If your veterinarian gives you the green light to use Neosporin on your dog, it should only be used topically on your dog’s skin and may not be safe for your dog if used inappropriately. It should not be used in the ear canal as it may damage the eardrum and worsen existing ear infections. It is also important to note that Neosporin is not the same as triple antibiotic ophthalmic ointment and should never be used in your pet’s eyes. Ophthalmic problems can worsen quickly, so if your pet is having eye issues it is best to see your veterinarian right away rather than trying to treat the problem at home.
Neosporin also should not be given to your dog by mouth. Not only is this ineffective, but it may also cause digestive upset for your dog if given in large quantities. When using Neosporin topically, make sure to only apply it in areas that your dog can’t reach. Alternatively, you can lightly cover the area (a T-shirt or sock works great for this!) or use an Elizabethan collar—or a dog cone alternative—to stop your from dog licking the area. Not only will licking the area allow your dog to ingest the ointment, it may also make the cut or scrape you are treating worse by introducing additional bacteria and moisture from your dog’s mouth to the area.
Neosporin Side Effects in Dogs
If using Neosporin, it is important to look for potential side effects, such as allergic reactions or contact dermatitis. Signs of an allergic reaction may include red, scaly, or itchy skin. More severe side effects are rare but may include:
- Vomiting or diarrhea if ingested
- Irritation if used in the eyes
- Hearing loss, infection, and irritation if used in the ears
- Development of resistant infections
Neosporin should not be used in combination with other topical medications unless you are directed to do so by your veterinarian. Because Neosporin is only used externally, there is little risk of it interacting with any medications your pet takes by mouth.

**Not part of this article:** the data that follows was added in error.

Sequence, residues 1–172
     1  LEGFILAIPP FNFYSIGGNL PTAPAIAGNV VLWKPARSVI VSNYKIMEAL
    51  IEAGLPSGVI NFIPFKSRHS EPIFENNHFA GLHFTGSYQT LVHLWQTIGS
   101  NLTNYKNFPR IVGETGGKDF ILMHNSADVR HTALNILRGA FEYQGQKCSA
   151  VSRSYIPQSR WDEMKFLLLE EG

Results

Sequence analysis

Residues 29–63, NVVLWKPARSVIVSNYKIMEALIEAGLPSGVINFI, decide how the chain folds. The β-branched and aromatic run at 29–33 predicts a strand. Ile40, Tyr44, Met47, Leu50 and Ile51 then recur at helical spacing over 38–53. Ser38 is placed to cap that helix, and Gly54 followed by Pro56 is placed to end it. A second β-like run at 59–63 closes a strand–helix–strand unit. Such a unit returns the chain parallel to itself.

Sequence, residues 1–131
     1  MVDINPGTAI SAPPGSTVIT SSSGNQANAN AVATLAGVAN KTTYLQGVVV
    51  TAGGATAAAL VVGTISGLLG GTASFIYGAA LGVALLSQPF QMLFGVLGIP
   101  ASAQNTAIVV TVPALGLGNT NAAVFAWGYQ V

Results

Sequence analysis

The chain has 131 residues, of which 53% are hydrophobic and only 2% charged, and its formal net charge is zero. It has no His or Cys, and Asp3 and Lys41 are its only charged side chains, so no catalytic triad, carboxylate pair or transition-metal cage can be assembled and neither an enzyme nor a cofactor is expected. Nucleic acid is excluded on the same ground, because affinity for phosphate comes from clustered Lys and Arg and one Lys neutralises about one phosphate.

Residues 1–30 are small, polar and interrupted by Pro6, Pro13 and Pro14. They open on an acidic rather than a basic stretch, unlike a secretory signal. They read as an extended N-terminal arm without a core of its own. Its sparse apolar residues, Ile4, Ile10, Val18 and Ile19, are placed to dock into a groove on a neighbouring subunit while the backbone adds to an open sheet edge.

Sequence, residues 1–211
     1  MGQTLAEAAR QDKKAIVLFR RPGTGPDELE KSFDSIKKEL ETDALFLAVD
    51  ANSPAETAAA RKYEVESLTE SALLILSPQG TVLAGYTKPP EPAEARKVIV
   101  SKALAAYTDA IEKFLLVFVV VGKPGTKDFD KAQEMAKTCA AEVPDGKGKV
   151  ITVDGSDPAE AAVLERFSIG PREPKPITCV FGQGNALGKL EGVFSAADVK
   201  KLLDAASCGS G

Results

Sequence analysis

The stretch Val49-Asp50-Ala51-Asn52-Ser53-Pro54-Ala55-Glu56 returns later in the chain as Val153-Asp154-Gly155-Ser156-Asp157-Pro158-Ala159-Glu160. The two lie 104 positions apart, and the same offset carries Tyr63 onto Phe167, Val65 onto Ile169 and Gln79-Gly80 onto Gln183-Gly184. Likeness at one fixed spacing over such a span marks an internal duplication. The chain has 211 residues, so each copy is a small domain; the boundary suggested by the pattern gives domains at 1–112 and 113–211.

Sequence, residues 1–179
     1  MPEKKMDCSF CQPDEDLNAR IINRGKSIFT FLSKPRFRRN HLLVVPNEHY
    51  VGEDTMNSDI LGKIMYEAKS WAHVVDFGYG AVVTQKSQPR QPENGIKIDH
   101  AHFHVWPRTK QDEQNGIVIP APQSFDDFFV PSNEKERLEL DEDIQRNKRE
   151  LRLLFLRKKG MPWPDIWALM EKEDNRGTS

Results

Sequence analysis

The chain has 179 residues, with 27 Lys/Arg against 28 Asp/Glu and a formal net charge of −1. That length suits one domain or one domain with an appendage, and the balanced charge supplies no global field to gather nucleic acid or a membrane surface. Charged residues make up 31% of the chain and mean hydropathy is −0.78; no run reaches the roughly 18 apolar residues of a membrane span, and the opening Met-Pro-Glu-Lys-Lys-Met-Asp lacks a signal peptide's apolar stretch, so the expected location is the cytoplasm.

Neosporin Alternatives for Dogs
Other topical antibacterial treatments available over the counter include silver sulfadiazine (SSD) ointment, bacitracin ointment, and polysporin ointment. However, there are topical antibacterial products specifically formulated for dogs, such as Silver Honey, Vetricyn, and Sulfodene, that can be purchased over the counter at pet stores or your veterinary clinic.
These products should only be used externally on small areas of the skin and should not be used on large or deep wounds. If the scrape or cut you are treating does not improve within 24-48 hours, see your veterinarian for further care.
Over-the-counter topical products should not be used for significant injuries and are not substitutes for appropriate veterinary care. If your pet has a large or deep wound, or a skin infection over a large area of the body, then it is best to see your veterinarian.
He or she may prescribe oral antibiotics, medicated shampoos, a stronger topical ointment, or other targeted treatments to help your dog heal more quickly. For extensive or severe skin infections and wounds, a topical therapy could be used in combination with oral antibiotics.
Editorial credit for featured image: ZikG / Shutterstock.com